The passenger train carrying the villain who's masquerading as Gene Autry travels from the Saugus train station to the Saugus train station in this sequence from
"Oh, Susanna!" (Republic Pictures, 1936). The producer is Nat Levine, who discovered Autry and was using the Santa Clarita Valley extensively at the time.
We pick up the story where Autry has just been thrown from the train by Wolf Benson (Boothe Howard). In a scene with the camera (by William Nobles) pointing to the south, the
SPRR Saugus Depot is the Sage City depot. After the sheriff (Walter James) inspects the passenger compartment where he's fooled by Wolf Benson, the train departs, and we cut to north-facing scenes
where the train has just pulled into Mineral Springs depot (also the SPRR Saugus depot).
One notable charcter is the porter played by Fred "Snowflake" Toones, a character actor under contract with Republic who was usually typecast as a porter or other service-oriented laborer
(janitor, bellhop, shoeshine man, etc.). He appeared in many "made in SCV" movies and chapter serials including the early, 12-chapter John Wayne vehicle, "The Hurricane Express" from 1932,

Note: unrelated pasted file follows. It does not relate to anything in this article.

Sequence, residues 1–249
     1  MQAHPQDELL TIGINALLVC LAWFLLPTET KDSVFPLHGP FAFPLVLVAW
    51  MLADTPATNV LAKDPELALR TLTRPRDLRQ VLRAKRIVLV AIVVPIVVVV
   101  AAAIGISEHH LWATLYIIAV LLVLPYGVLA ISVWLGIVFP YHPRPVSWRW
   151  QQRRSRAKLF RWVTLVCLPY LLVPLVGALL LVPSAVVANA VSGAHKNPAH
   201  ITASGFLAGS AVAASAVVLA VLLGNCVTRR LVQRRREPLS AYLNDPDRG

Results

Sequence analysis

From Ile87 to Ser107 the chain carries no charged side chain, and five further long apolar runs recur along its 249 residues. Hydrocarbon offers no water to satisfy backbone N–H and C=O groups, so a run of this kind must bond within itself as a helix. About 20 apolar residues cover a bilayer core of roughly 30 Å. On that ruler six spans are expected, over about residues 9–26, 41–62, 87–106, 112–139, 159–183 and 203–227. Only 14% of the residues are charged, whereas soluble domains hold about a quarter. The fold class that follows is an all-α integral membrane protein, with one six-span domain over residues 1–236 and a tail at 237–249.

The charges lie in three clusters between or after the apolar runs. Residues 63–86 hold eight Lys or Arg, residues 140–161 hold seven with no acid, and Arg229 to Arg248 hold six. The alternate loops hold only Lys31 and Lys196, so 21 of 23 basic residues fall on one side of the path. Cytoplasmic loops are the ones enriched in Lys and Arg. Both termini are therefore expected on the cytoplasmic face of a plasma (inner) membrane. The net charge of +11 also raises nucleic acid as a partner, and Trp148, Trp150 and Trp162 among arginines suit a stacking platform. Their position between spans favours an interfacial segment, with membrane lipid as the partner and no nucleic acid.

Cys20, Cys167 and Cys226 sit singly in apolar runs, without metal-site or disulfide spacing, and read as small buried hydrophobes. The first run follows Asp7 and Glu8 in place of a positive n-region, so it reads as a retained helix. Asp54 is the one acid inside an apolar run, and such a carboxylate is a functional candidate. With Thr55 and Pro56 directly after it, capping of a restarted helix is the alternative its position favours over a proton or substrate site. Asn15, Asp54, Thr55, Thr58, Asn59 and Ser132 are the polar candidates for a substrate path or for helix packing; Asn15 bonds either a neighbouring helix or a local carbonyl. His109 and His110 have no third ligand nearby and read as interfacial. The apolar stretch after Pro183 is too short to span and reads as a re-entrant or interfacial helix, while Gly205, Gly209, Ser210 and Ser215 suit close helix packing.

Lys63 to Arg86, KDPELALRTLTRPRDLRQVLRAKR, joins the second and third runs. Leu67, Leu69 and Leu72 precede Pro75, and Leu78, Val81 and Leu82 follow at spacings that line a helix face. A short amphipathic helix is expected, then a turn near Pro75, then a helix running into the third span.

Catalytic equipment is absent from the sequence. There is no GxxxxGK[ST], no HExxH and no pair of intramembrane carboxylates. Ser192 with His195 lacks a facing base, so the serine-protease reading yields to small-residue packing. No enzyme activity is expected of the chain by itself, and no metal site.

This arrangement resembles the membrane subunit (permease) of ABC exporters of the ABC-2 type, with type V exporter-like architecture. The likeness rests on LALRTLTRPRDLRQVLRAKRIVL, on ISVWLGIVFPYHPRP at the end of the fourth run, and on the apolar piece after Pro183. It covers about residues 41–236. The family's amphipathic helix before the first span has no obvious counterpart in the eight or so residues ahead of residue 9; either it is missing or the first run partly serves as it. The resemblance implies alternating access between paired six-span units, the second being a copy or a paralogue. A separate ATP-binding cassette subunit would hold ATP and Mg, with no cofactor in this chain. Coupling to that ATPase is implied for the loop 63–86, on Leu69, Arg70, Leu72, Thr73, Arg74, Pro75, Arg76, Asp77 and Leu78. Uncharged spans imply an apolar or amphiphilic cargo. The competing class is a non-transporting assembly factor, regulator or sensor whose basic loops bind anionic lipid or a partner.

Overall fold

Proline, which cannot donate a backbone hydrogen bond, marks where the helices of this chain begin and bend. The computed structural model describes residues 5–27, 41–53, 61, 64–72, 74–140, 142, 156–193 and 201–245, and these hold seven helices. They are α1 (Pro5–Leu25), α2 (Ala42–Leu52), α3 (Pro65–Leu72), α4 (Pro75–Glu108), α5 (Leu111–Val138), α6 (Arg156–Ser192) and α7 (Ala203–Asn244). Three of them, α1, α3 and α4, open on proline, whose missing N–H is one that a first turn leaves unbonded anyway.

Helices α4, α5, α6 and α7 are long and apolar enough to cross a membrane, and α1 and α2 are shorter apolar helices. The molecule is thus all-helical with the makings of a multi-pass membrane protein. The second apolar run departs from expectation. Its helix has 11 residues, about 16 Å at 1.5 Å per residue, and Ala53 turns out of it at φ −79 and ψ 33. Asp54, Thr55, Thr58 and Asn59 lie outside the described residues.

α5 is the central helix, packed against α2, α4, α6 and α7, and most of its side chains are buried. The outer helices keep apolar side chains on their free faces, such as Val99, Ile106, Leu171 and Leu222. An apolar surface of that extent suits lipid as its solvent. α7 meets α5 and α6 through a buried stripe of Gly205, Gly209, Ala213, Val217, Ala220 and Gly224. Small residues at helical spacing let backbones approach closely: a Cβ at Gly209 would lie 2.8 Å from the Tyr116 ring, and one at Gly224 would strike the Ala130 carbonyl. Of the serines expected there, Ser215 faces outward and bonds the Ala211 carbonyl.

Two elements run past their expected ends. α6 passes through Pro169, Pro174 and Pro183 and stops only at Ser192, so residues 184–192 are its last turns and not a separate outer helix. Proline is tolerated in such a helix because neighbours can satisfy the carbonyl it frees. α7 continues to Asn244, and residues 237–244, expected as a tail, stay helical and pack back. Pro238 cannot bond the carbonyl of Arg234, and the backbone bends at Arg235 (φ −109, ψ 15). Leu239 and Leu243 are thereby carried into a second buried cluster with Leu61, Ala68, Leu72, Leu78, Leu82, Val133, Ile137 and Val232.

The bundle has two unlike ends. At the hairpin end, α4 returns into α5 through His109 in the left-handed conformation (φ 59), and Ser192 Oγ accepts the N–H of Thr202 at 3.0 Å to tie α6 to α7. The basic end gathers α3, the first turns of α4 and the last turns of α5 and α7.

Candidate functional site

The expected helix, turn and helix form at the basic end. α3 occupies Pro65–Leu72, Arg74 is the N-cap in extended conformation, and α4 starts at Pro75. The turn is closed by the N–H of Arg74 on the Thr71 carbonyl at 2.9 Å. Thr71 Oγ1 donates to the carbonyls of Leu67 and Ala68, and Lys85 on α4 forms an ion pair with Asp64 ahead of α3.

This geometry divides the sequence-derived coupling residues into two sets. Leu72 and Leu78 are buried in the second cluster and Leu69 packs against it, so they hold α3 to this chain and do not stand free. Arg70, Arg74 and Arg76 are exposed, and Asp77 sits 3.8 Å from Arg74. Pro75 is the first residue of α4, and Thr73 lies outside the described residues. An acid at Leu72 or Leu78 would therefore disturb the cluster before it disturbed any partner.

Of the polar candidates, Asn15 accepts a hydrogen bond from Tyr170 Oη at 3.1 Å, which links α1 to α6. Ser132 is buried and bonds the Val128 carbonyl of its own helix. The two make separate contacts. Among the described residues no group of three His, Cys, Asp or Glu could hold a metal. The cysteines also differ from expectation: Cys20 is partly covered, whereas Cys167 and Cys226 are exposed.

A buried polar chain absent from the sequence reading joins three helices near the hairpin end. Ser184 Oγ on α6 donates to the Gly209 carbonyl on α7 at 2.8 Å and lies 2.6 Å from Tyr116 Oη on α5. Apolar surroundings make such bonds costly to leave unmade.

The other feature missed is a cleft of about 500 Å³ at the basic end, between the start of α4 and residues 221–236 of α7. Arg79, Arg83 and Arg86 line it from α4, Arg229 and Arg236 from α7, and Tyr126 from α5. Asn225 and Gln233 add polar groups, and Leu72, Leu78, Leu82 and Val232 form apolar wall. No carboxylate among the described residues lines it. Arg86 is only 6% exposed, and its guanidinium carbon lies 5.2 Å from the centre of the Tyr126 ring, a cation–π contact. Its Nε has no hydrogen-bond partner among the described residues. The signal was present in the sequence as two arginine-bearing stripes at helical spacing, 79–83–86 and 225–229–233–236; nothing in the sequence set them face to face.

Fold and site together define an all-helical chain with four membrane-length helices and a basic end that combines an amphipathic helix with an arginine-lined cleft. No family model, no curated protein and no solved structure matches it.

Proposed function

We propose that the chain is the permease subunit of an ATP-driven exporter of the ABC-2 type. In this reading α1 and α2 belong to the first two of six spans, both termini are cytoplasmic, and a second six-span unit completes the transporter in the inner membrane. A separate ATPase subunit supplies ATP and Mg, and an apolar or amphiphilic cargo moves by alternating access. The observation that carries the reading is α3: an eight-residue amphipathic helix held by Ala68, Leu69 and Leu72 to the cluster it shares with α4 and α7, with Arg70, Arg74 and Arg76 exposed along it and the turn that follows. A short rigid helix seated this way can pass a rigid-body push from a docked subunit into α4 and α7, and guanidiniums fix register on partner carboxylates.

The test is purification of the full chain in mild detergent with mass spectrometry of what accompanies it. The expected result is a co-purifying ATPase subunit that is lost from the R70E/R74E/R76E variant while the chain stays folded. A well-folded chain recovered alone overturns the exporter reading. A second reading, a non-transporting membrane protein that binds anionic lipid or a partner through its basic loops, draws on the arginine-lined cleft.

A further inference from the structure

and the 1937 Laurel and Hardy comedy, "Way Out West." He also ran the actual shoeshine stand at Republic Studios.
This was the last picture for Boothe Howard, real name Harold H. Boothby, who died in October 1936, two months after the premiere. He had just turned 46.
Most of the outdoor shooting took place in the Alabama Hills, in the shadow of Mt. Whitney.
Yakima Canutt and Joe Yrigoyen perform equestrian stunts. For no paricular reason at all (except to give Canutt and Yrigoyen some work),
Autry is riding through the Alabama Hills when he decides to ride standing up on Champion. It does nothing to advance the plot, but it does pay the weekly bills for Yrigoyen, who was Autry's
usual double. Then, going from silly to absurd, Smiley Burnette decides he won't be one-upped. That was Canutt. Seriously — Smiley Burnette balancing on a moving horse?
Tommy Coats and Jay Wilsey also performed stunts. Multi-part harmony is provided by the Light Crust Doughboys, who serve up some impressive solo work:
Marvin "Smokey" Montgomery on banjo, Clifford Gross and Kenneth Pitts on fiddle, Zeke Campbell and Dick Reinhart on guitar, and Bert Dodson on upright bass.
Rounding out the credited cast are Frances Grant (the girl Autry gets in the end),
Clara Kimball Young,
Edward Peil Sr.,
Fred Burns and
Lew Meehan. Uncredited cast includes
Silver Tip Baker,
Horace B. Carpenter,
Alfred P. James,
Wes Warner and